France 2030: what can we learn 2 years later?

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This article goes to the heart of France 2030's ambitions, analyzing its deployment and effectiveness at mid-term, and outlines what the future might hold for the French economy thanks to this far-reaching plan.

54 billion euros. This is the amount committed by the French government in 2021, to radically and profoundly transform the French economy. A major public investment plan to support innovative companies capable of becoming European and world leaders. A major plan to reindustrialize the country sustainably and restore its sovereignty, in an increasingly uncertain geopolitical context, and to accelerate the ecological transition. Included in the France Relance plan, France 2030 is combined with the 4ᵉ Programme d'Investissements d'Avenir (PIA 4) for a total of 100 billion euros to be deployed over 5 years. By way of comparison, Horizon Europe (the European counterpart to France 2030) represents an investment of 95.5 billion euros for a similar timeframe (2021-2027).

Assessment after 2 years of investment

Over the past two years, numerous calls for projects have been published, and many companies financed. The France 20301 in itinere evaluation report, published in the summer of 2023, takes stock of what has been achieved by the public investment program. So, two years after the launch of France 2030, where do we stand?

"Now another challenge, particularly as I speak to you, is to succeed in consolidating on this action, but speeding it up even further. And that's essential, because the world is also moving faster, because competition is even tougher. [...] We need to go faster, stronger." Emmanuel Macron, on December 11, 2023 in Toulouse, on the occasion of the 2nd anniversary of the France 2030 plan.

Plan beneficiaries

SMEs and research organizations in the lead

By April 30, 2023, nearly 14 billion euros had been committed to making the French economy more competitive, more innovative and greener. To achieve these objectives, the France 2030 plan has chosen to act across the entire ecosystem. This is why all players have been supported, through loans or subsidies. SMEs are the most regularly financed players: the 1,136 SME beneficiaries represent 51% of all players who have received public funding.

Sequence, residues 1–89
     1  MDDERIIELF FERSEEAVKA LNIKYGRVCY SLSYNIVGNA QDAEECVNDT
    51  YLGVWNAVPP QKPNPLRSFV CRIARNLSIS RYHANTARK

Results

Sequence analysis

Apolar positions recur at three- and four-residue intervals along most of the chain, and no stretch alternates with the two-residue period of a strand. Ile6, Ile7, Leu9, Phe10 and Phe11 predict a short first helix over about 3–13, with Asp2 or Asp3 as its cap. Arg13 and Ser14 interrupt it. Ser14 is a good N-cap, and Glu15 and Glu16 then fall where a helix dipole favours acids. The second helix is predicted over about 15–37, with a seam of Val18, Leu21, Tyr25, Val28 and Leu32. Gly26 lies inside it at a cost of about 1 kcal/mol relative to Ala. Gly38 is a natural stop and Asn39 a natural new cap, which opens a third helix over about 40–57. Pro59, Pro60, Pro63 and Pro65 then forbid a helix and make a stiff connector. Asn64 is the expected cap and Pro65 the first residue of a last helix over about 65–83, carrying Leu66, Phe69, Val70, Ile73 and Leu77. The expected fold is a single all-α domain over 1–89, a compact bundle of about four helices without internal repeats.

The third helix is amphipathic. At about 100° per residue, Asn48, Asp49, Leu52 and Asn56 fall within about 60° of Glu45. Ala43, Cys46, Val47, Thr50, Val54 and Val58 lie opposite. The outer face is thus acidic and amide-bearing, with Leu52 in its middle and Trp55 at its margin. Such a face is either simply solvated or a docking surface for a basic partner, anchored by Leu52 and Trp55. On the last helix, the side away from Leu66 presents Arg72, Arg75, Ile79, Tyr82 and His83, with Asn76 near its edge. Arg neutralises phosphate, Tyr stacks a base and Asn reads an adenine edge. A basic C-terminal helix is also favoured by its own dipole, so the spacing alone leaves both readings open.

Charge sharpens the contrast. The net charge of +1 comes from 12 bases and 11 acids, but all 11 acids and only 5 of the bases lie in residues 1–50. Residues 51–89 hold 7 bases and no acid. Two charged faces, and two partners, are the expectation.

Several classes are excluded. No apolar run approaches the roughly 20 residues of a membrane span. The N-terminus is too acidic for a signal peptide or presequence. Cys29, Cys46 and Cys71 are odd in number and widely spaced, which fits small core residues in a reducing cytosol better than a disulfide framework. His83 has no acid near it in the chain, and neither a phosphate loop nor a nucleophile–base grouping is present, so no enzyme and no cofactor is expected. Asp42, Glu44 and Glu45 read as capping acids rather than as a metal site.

However, in terms of amounts received, these SMEs represent only 22% of the total. Research organizations received the largest share of public funding disbursed by France 2030. They represent only 16% of all players, but received over 34% of the total amount committed. As for large companies, they received more than 18% of the amounts disbursed, even though they represent 22% of the beneficiaries.

These results make perfect sense. SMEs represent the vast majority of French companies, and are involved in technology development projects, albeit with limited budgets. On the other hand, research organizations need substantial budgets to fund fundamental research to improve the state of knowledge on disruptive subjects. Last but not least, large corporations have the greatest financing capacity, and are able to fund larger-scale projects.

Disparities by device and sector

However, it seems necessary to qualify this distribution of France 2030 amounts. The beneficiary organizations differ considerably according to sector and type of initiative. Firstly, according to the type of intervention: calls for projects (which account for the majority of funding) finance as many emerging players (less than 12 years old) as non-emerging players. Over-the-counter financing and PIIEC (major projects of common European interest), on the other hand, fund non-emerging players to a far greater extent (72% and 68% respectively).

The same heterogeneity is then found in the various calls for projects: Of the structural schemes (I-Lab, I-Nov, I-Démo, 1ʳᵉ Usine), all except 1ʳᵉ Usine finance emerging players in the majority. On the other hand, of all the directed schemes (maturation, demonstrator, deployment and industrialization), only the maturation PAAs finance emerging players in the majority.

Lastly, the same disparities can be seen across sectors. 99% of players benefiting from funding in the space sector are emerging players. Over 60% of funding for cultural content, training for the future and sustainable food also went to emerging players. On the other hand, less than 20% of the funds allocated to low-carbon aircraft and Small Modular Reactors (SMRs) went to emerging players. For industrial decarbonization, the figure is just 4%.